At 114 square feet with no loft, the yurt is even smaller than the tiny house on wheels I lived in last year. So I’ll be downsizing from a tiny house to an even tinier house. I’m looking forward to the smaller space because it’s going to help enforce My Things Challenge and a simple lifestyle. Stay tuned for more tiny adventures!

Savoring the Tiny House

Tiny House & Hammock A year ago I decided to rent a tiny house. We moved Brittany’s Bayside Bungalow to Portland at the end of September last year, just before I started my first quarter studying urban planning at Portland State University. I figured it would be an economically-savvy and environmentally-friendly housing choice for my first year of graduate school. Living in a tiny house would enable me to decide whether I could realistically live in less than 200 square feet. Furthermore, it would inform my design choices if I decided to build a tiny house of my own.

We’ll be moving Brittany’s Bayside Bungalow back to Olympia this Saturday. So this week I’m savoring the tiny house. I’m enjoying the dappled light through the lilac trees while I’m curled up with my kindle on the window seat, I’m appreciating the tiny, efficient kitchen while cooking meals, and I’m relishing the view of the stars from the skylight of the sleeping loft.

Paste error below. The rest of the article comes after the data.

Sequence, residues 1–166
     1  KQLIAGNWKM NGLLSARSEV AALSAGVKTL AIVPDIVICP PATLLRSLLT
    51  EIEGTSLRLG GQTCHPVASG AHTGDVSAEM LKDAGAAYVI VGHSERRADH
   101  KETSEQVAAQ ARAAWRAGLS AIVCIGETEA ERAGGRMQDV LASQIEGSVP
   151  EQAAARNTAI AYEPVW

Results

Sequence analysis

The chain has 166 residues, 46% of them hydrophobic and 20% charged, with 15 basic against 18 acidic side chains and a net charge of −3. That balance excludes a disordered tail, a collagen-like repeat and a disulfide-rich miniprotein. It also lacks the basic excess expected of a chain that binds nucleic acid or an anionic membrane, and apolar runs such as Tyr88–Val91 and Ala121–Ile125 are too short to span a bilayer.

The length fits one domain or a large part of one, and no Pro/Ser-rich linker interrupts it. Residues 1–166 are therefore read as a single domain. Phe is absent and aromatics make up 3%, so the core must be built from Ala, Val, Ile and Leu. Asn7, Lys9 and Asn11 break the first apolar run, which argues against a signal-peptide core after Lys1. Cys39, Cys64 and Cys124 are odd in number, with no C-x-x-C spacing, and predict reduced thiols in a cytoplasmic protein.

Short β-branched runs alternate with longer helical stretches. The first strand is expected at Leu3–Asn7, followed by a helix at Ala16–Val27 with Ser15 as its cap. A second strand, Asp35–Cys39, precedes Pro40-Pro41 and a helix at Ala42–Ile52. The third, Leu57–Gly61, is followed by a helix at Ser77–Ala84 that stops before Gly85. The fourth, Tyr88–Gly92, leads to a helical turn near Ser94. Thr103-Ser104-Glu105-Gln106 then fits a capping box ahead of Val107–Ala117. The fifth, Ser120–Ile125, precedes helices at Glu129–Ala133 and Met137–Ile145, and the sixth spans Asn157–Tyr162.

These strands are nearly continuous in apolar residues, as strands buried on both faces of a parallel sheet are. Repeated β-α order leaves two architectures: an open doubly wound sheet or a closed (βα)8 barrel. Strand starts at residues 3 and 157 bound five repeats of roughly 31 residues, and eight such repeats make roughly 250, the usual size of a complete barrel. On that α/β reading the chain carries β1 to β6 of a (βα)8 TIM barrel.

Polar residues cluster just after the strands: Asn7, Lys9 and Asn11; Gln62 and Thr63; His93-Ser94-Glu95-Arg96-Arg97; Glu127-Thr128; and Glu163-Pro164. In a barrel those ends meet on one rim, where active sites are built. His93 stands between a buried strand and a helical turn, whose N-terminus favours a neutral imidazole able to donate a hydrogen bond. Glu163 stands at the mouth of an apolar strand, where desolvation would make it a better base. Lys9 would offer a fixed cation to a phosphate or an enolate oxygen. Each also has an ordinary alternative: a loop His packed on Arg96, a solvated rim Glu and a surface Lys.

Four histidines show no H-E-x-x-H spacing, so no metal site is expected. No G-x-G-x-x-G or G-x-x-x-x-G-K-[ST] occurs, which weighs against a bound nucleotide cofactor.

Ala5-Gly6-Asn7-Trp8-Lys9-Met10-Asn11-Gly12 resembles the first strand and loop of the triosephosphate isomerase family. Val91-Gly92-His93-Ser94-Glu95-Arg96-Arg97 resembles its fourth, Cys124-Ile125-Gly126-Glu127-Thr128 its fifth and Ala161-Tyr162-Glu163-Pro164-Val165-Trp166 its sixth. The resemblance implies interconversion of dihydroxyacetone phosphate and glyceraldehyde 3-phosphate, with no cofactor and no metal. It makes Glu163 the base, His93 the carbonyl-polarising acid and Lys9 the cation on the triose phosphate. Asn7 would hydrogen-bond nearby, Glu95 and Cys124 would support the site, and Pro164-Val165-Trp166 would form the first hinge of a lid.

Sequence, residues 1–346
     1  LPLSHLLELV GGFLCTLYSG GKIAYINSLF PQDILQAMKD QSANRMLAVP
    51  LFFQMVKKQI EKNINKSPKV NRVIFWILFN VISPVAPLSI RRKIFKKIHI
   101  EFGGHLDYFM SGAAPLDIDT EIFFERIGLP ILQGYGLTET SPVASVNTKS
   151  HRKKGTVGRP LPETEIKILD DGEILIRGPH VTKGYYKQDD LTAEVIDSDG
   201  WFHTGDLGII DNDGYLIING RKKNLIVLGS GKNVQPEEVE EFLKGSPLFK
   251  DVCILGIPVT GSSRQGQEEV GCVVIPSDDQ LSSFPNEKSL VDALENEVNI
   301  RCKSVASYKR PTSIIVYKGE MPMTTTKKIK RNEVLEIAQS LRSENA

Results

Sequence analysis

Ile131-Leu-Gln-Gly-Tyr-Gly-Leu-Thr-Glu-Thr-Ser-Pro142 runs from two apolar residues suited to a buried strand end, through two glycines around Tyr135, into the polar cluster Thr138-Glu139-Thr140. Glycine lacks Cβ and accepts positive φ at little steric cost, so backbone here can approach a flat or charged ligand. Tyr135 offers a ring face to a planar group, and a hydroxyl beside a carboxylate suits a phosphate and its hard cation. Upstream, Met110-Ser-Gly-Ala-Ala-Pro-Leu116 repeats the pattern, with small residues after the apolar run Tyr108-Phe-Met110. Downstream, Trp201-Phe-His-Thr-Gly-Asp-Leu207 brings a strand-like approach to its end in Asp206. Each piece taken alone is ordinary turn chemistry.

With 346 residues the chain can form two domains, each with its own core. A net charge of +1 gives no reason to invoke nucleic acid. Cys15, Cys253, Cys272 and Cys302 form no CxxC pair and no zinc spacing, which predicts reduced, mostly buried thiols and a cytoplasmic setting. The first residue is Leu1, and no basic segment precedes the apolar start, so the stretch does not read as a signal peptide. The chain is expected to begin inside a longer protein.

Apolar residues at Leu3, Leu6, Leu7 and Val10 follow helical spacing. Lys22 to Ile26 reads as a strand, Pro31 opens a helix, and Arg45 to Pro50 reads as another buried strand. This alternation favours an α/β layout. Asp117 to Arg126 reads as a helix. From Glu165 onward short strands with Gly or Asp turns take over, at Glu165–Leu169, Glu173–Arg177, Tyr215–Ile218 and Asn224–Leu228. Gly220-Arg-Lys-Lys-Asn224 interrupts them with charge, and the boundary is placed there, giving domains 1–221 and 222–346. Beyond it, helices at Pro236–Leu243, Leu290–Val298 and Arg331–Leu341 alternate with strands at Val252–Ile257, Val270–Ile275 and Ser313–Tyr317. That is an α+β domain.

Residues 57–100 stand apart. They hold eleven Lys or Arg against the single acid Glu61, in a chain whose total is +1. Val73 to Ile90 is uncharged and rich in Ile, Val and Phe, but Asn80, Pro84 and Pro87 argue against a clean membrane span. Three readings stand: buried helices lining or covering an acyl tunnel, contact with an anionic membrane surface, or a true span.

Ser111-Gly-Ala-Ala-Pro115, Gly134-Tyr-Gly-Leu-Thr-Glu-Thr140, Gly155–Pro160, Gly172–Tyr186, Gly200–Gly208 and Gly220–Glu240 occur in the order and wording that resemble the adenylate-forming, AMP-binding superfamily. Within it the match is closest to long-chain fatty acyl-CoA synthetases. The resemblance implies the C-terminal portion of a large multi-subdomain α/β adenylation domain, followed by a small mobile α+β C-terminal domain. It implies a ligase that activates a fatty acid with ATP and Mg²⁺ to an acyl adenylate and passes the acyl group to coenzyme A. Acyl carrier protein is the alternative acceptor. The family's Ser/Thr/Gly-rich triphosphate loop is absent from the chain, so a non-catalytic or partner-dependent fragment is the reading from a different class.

I’m also reminding myself what I will do differently in my own tiny house now that I’m convinced I want to build a tiny house of my own. The top three changes I would make are these:

1)   I’ll design my tiny house with a larger porch (see Shrinky-Dink Porch for an explanation).

2)   I’ll spring for an on-demand propane water heater. (Since I had to wait 20 minutes for the 4-gallon tank to heat up once I flipped the switch I often ran out of time to actually do the dishes, which meant I’d wasted that energy.)

3)   I’ll use the Envi wall-mounted electric heater instead of an oil radiator or a propane boat heater.  (See Top 10 Reasons to Pick Envi Heater Over Propane Marine Heater)